Each Winter we normally see an increase in sickness absence due to winter viruses, such as colds and flu. However, this winter COVID may increase that. The Government is already considering implementing a COVID winter strategy which may include face coverings being compulsory in some settings, granting powers to introduce vaccine passports and encouraging people to work from home.
According to GPs, sick note requests have risen by 78% – and sorry to say, but as we head into the winter, that figure will no doubt rise.
It is important that employers are prepared for a possible increase in their sickness absence this winter. So, what can employers do to prevent an increase to sickness and manage sickness absence at this time of the year?
Here are some things to consider: –
- continue to encourage staff to have their covid vaccination and also to have the booster vaccine, when offered.
- where possible continue working from home or consider going back to work from home if staff have returned to the office. You could also introduce a hybrid working arrangement where less staff are in the office at any one time. Having a contingency of being able to work from home, will avoid any major disruption to the business.
- consider a contingency plan in the event that too many staff are unable to work due to sickness (or self isolating and cannot work from home). For example, are your staff flexible enough to be able to cover in other departments or do other tasks that they would not normally do. Do you know which tasks are a high priority and which tasks can wait or be delayed in being carried out.
- do your contracts of employment support such flexibility of redeploying staff, increasing their days or hours or asking them to carry out other tasks?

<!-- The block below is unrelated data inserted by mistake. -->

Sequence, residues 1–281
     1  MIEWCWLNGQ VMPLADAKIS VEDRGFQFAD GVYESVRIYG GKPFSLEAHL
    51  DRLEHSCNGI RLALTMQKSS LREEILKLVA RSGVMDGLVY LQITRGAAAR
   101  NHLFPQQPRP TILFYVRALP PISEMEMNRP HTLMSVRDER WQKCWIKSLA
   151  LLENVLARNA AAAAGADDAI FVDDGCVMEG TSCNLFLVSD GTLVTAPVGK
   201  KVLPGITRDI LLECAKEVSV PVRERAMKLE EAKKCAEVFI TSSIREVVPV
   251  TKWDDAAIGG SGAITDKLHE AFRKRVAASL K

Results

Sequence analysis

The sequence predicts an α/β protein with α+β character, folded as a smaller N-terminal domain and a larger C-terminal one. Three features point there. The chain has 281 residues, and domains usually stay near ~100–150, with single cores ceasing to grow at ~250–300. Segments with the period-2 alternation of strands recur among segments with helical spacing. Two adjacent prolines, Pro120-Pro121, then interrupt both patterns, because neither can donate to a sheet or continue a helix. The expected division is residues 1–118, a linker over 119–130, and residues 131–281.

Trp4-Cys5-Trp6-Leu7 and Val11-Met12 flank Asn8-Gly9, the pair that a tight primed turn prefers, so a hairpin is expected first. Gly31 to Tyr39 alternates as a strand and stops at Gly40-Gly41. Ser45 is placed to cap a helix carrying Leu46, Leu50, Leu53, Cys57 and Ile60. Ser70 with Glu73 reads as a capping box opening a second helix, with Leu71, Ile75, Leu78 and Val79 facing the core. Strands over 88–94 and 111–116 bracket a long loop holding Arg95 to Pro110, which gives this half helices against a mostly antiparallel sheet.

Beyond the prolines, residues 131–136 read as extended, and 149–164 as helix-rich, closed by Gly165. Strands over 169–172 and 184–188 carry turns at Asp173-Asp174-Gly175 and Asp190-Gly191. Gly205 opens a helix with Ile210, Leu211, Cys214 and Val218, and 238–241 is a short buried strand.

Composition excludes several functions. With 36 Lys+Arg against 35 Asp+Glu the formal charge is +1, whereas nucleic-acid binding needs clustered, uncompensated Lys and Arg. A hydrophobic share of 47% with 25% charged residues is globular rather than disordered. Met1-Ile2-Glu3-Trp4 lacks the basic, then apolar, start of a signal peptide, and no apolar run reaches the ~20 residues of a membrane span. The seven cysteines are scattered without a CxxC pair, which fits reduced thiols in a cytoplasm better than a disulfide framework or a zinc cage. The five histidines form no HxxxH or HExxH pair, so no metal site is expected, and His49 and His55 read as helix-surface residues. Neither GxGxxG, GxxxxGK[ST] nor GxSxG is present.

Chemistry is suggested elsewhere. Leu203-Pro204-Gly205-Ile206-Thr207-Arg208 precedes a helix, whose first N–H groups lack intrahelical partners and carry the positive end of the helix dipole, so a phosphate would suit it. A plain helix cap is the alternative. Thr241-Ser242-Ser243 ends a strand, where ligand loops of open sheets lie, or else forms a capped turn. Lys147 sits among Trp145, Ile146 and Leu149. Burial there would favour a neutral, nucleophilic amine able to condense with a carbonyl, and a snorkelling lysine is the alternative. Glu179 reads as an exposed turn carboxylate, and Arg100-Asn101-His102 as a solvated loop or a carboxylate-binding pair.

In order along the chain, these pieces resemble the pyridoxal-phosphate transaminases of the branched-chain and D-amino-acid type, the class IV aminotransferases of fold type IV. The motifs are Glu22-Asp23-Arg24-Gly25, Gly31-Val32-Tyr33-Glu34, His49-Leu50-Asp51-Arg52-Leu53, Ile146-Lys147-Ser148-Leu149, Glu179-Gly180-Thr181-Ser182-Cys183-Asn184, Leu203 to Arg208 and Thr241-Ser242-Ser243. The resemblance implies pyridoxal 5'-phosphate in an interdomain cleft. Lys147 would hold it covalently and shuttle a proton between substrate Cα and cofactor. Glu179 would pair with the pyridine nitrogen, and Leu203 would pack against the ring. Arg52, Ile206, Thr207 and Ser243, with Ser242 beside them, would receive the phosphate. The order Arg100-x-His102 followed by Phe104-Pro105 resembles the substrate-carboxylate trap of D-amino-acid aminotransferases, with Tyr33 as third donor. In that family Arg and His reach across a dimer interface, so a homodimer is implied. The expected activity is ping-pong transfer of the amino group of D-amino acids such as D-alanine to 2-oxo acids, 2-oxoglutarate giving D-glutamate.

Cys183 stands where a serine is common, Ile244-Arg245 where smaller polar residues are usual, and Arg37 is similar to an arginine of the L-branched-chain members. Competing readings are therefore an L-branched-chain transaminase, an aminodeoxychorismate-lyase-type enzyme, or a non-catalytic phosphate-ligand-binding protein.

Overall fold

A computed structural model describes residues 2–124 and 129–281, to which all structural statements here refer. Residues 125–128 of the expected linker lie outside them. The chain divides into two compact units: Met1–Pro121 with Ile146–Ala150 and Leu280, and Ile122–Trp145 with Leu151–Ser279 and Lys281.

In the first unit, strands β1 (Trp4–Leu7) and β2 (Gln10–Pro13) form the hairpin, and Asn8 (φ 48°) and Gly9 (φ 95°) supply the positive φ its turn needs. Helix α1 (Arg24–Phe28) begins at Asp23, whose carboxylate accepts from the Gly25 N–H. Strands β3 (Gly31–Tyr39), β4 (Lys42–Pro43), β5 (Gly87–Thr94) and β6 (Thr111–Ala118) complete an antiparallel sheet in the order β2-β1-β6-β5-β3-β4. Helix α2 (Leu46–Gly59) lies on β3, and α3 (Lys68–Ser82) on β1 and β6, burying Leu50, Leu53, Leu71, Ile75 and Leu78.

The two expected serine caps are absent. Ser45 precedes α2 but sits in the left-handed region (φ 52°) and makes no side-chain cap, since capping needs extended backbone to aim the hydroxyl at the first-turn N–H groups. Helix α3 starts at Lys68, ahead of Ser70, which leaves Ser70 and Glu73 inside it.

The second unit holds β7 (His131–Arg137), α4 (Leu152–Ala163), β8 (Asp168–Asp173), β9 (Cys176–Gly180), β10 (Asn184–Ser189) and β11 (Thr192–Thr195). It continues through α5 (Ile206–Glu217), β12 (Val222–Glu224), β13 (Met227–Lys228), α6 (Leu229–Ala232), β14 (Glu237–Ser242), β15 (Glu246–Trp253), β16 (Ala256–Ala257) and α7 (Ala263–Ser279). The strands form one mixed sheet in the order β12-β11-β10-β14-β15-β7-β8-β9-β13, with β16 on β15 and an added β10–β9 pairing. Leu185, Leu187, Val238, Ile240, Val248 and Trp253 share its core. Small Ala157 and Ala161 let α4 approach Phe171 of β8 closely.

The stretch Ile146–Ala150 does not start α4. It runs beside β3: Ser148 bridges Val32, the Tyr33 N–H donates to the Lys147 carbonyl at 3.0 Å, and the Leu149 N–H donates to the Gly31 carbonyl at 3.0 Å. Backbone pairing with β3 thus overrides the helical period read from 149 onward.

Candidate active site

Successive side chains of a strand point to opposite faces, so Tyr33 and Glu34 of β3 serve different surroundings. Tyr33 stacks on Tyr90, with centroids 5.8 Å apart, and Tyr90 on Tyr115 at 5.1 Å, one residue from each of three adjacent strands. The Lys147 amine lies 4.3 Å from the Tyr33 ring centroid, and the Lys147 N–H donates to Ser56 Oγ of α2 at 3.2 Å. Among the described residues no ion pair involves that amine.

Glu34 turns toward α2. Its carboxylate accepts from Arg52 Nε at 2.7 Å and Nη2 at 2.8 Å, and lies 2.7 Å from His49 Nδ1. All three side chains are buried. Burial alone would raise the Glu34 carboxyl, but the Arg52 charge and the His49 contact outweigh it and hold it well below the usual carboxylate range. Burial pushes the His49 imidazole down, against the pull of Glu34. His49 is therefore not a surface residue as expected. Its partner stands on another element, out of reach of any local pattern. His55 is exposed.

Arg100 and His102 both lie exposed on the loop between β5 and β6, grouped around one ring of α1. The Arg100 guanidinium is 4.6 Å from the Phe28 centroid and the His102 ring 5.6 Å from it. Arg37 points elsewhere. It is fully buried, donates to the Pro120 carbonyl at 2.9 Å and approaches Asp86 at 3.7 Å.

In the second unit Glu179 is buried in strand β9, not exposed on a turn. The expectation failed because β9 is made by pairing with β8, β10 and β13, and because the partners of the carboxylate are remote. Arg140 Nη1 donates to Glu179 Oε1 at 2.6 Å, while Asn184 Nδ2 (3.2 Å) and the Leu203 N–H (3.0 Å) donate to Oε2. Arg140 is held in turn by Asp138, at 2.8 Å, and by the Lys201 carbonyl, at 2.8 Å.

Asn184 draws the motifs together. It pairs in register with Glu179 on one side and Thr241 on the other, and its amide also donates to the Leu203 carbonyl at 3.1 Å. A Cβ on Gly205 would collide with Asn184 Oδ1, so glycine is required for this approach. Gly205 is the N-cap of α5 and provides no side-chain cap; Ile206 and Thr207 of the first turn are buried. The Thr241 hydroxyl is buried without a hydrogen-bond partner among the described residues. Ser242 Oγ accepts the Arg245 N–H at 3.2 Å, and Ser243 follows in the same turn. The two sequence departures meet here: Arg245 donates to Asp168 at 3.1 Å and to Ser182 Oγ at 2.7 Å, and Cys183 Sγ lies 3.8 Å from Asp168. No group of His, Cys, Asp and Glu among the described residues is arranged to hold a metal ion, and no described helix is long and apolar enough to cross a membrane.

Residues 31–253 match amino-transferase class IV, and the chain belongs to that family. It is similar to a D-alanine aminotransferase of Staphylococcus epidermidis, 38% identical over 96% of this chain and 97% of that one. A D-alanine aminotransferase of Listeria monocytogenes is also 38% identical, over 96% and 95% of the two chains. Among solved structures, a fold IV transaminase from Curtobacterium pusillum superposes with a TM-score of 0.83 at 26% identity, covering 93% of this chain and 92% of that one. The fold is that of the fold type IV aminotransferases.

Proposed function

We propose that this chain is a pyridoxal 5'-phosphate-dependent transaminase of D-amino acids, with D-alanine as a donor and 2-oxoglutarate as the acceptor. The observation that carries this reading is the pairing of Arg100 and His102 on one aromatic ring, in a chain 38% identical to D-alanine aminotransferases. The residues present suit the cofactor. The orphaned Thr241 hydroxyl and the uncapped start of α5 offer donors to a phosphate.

- keep safety measures and risk assessments updated. This may include reintroducing social distancing, improving ventilation, mask wearing and avoiding too many staff in one area at a time, such as the staff canteen or kitchen.
- review your Managing Sickness Absence Policy, or if you haven’t got one, now might be the time to get one drafted (which Hill HR can help you with).
- encourage staff to stay away from the workplace (or work from home) where they genuinely have illnesses, such as viruses or colds, which could be passed through the workforce. If staff are infectious, they should stay at home.
- look at things such as sickness notification – do you ask staff to phone in sick? If you don’t and staff are allowed to text, stop that practice and ensure they phone their manager. That way the manager can discuss their absence, find out how long they might be off and any work that needs picking up in their absence.
- do you hold return to work interviews? Holding a short, informal meeting is a great tool for managing sickness and sending out a message that you are monitoring absence. The individual is required to discuss their sickness absence with their manager.
- do you monitor and analyse sickness absence? Using a trigger such as the Bradford Score can help identify those who have persistent, short-term absence. You can also analyse trends or patterns, such as sickness after or before a weekend.
- sometimes an issue at work (or home) can be disguised as sickness absence. Therefore, create a positive working environment and encourage your people to come to you when they need to discuss problems.
You may also wish to take things a step further and support staff by providing health cash plans. This is where staff can claim back money on their day-to-day medical appointments such as dental, optician or private physiotherapy treatment. This is a great, affordable staff benefit.
If this is something that interests you, please get in touch with me.
Can Hill HR help?
Hill HR can draft a new Managing Sickness Absence Policy or review your existing one.
If you’re dealing with high levels of sickness absence or wish to be prepared for the winter, we’d love to help you. Simply contact us to arrange a conversation or why not book a slot in my calendar for a quick chat.